Irmajean Bajnok is the RNAO’s Director of International Affairs and Best Practice Guidelines, and the Centre for Professional Nursing Excellence. She says that 12-hour shifts, caring for acutely ill patients, and working in an environment with high noise levels and a general state of chaos all contribute to a high-stress situation for nurses. “This is why they experience burnout and often have to take stress leave. We find that there is not enough support in the system to assist nurses to be better taken care of, and I refer to individual hospitals and the healthcare system as a whole.”
According to a U.S.study (Health, Absence, Disability and Presenteeism Cost Estimates of Certain Physical and Mental Health Conditions Affecting U.S. Employers, 2004), the economic cost of lost productivity at work due to the ten most chronic conditions averaged 12 per cent of total payroll. Those conditions included allergies, asthma, depression, migraine headaches, and hypertension, and many of them are at least partly rooted in mental health issues. There is no reason to believe the situation in Canada is any different.
What can be done to alleviate the toll on nurses? Here are some suggestions:
1. A comprehensive, strategic approach to absence management will promote sustained attendance at work and prevent downstream costs. But you must shift from standalone, absence-administration programs to health strategies aligned with hospital objectives, cost-management goals, and strategies related to employee engagement and retention. The focus is a nurse accessing the right support.
2. Employee Assistance Programs lead to improved employee mental health and higher productivity. According to our study – EAP Improves Health Status and Productivity, and Demonstrates a Positive ROI – EAP intervention led to a 34 per cent reduction in costs due to lost productivity. Most disability programs and return to work do not leverage the integration of other support programs (EAP). Using experts who can integrate these programs will lead to proper support to have sustained health. A nurse off work may require counselling, eldercare, childcare, or financial and nutritional counselling which can be accessed through a referral from their case manager to EAP.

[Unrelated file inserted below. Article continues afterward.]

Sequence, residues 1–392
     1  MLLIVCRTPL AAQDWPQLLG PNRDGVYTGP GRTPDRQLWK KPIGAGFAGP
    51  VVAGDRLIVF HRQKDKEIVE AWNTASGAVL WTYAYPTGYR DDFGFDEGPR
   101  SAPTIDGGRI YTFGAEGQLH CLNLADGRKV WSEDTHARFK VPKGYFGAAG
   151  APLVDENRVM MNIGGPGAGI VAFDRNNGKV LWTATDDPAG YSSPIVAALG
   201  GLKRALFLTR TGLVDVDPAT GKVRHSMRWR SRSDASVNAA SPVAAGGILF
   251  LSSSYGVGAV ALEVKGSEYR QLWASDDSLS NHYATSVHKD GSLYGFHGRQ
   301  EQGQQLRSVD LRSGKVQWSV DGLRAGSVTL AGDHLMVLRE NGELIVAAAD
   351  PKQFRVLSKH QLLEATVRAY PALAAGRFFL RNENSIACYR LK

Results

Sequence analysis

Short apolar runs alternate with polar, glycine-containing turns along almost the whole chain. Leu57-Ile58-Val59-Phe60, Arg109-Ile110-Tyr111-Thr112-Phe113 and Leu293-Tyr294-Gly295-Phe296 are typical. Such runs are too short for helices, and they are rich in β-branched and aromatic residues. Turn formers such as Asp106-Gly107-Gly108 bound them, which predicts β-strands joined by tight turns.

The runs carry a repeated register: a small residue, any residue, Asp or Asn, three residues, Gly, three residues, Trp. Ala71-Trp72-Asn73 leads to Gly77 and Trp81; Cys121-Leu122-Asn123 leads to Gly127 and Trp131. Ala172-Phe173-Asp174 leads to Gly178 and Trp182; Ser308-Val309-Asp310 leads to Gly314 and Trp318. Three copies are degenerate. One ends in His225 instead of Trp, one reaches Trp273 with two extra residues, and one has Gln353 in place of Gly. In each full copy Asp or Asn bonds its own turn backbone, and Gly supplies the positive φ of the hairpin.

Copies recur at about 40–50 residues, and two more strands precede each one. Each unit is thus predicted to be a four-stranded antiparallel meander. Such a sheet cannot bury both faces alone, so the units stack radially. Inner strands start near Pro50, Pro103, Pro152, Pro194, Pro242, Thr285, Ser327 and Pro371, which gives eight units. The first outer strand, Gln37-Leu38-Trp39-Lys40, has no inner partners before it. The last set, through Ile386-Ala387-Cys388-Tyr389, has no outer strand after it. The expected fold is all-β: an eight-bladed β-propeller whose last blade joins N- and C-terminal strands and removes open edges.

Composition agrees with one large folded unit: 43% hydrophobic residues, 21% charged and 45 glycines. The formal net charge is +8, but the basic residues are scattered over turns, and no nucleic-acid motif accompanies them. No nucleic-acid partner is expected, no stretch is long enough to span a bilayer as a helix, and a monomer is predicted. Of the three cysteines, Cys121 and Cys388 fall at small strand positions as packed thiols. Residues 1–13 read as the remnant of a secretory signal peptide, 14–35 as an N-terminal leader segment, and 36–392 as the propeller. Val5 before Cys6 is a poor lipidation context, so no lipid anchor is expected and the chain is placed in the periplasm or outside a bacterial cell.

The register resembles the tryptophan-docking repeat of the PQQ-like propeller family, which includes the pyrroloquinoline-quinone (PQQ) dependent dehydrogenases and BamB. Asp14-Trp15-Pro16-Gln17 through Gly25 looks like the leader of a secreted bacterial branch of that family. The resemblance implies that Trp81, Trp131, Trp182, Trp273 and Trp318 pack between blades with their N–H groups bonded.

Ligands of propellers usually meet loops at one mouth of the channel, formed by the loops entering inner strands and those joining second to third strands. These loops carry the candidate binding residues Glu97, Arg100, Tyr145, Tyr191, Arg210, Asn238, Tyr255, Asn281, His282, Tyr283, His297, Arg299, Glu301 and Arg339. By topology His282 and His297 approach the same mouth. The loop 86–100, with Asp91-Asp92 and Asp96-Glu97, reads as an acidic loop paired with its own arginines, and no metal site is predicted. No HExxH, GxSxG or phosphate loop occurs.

3.Develop a strategic partnership with your EAP provider who can recommend strategies to optimize EAP use as a preventative measure. Nurses know health strategies, but may need to be reminded. They often care for others, not themselves.
4.Train supervisors on how to manage employees with mental health problems. Many supervisors are not aware of the signs, symptoms and support available for those with mental health issues.
Also, consider workshops about mental health in the workplace; experts who can design programs to address the problem; a disability program that focuses on the identification, support and access to mental health care; and the drug analysis program which provides trends, benchmarks and best practices in mental health, along with manager support.
All these are excellent ideas that will help any hospital develop a healthier workplace for its nurses.